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March 19, 2008

Out of the Dark Ages

By Gregory Bresiger

Pitt has legal arguments for critics of the Lendex plan. If custodians, agents and others don't explore the Lendex options, they will be possibly failing in their fiduciary/best- execution obligations to clients, he argues. But Lendex critics say that best execution rules are difficult to apply to securities lending.

The securities lending dealer disputes Pitt's claim. He says, say you are an agent or a custodian lender and you want to lend out a small state's entire portfolio. If a dealer goes to an exchange to loan out some of the hard-to-get securities, it may be true that one is getting the best price on the securities.

"But if they're getting the best price on one-tenth of the securities that they could lend through another model, another model in which they might earn more revenue, then just getting best execution on a small part of the model doesn't really equate to best execution," he says.

Still, Pitt disagrees. He predicts that the regulators will impose new securities lending rules this year. This is based on the belief that "there is a need for higher legal standards in securities lending," Pitt says.

Modernization Needed

A hedge fund manager, who declined to be quoted by name, agrees that an exchange or more electronic trading-like platforms are needed, especially for those using new 130/30 strategies, strategies in which precise shorting is critical in generating alpha. Electronic securities lending will eventually happen, the manager says. But he also concedes that big prime brokers, such as Goldman Sachs, and big custodians, such as State Street, understand that someday there will eventually widespread electronic securities lending.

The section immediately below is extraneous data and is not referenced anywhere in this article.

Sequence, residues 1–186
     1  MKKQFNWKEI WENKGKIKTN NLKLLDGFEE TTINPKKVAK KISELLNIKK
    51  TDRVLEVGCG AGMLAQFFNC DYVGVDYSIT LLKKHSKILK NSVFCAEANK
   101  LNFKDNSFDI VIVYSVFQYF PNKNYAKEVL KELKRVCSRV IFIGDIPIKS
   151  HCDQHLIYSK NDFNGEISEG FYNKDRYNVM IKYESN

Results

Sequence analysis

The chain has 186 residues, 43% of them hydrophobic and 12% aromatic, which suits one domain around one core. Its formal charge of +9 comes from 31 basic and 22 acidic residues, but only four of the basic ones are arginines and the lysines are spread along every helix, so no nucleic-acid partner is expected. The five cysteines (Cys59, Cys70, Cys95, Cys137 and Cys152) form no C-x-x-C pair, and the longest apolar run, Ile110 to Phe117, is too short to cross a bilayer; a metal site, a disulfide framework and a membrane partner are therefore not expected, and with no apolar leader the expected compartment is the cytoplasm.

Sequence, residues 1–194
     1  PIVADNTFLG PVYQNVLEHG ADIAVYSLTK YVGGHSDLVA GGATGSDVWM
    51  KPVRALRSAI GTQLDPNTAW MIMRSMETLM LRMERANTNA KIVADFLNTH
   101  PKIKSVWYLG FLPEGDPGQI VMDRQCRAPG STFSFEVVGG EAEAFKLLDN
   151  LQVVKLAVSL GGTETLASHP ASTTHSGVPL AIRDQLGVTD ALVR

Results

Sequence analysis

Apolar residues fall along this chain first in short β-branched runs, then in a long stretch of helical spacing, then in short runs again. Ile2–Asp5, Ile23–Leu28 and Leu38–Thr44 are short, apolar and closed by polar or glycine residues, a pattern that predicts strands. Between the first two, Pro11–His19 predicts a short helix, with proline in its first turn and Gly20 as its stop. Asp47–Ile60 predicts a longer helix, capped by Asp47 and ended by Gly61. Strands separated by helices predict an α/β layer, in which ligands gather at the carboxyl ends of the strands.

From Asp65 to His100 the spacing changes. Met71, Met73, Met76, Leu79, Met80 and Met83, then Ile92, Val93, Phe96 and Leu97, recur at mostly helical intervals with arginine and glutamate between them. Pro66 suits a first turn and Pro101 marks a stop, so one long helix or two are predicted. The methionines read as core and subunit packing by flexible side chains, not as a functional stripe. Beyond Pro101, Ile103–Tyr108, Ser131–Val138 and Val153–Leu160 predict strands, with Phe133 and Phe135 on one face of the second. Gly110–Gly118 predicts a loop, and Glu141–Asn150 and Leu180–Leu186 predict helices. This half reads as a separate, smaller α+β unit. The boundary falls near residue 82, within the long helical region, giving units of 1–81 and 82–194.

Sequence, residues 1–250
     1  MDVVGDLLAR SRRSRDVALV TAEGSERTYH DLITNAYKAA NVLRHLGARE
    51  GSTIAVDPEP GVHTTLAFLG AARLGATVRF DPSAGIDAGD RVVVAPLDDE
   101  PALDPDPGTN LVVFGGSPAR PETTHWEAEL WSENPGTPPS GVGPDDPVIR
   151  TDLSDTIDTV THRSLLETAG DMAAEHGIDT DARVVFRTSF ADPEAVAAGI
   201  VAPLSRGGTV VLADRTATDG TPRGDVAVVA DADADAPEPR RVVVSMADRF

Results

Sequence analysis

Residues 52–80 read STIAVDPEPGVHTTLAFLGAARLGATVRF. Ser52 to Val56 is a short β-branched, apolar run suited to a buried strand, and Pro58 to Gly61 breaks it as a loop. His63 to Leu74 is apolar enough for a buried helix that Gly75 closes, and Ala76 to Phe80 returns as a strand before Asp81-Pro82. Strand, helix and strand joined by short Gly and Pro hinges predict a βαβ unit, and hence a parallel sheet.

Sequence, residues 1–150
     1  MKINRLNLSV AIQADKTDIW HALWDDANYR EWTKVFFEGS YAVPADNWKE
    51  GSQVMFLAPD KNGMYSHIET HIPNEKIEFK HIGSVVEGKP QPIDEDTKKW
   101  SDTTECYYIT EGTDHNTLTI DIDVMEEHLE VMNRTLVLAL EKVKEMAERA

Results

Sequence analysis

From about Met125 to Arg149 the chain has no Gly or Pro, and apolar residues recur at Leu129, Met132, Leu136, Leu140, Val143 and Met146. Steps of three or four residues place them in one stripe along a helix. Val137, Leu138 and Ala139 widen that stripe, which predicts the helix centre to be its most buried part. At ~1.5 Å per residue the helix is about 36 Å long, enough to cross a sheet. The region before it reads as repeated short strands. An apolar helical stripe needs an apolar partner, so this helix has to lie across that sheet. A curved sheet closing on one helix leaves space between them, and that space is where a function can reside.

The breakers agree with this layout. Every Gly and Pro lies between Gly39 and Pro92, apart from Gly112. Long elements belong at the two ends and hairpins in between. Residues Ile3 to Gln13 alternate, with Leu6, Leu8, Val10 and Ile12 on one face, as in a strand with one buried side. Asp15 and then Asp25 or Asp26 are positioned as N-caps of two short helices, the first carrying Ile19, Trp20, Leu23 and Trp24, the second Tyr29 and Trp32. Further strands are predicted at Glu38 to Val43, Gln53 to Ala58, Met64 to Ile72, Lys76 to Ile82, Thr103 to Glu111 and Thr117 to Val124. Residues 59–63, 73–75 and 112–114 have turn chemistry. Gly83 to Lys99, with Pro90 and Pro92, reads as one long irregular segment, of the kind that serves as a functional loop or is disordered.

"But they'll wait until the last possible moment" the manager contends. Both Goldman Sachs, along with the other two biggest prime brokers, Morgan Stanley and Bear Stearns, declined to comment for this story.

An official with securities lender Quadriserv says it's human nature that most firms want to go slow. However, he adds, the "vested interests" of securities lending aren't against progress.

"It's just that they want a voice in the direction and pace of progress," says Gregory DePetris, one of the co-founders of Quadriserv. Operationally and technologically, he says, many firms are behind the times in securities lending. DePetris says he is interested in investigating every new securities lending model. But he believes "no one solution is going to be the right solution for everyone in this market."

Clients will have different needs, he says. For example, he says, for a pension fund with "only hard-to-borrow stock, the idea of centralized price discovery sounds like a really good deal." Others, he explains, will only be interested in widely available stock. They could use a very different model, he adds. So DePetris also says that the notion of best execution' in securities lending means different things to different people.

Looking at Lendex

DePetris adds that he will be watching Lendex and other developing securities lending operations very closely. That's a sentiment echoed by an analyst who has championed the idea of electronic securities lending.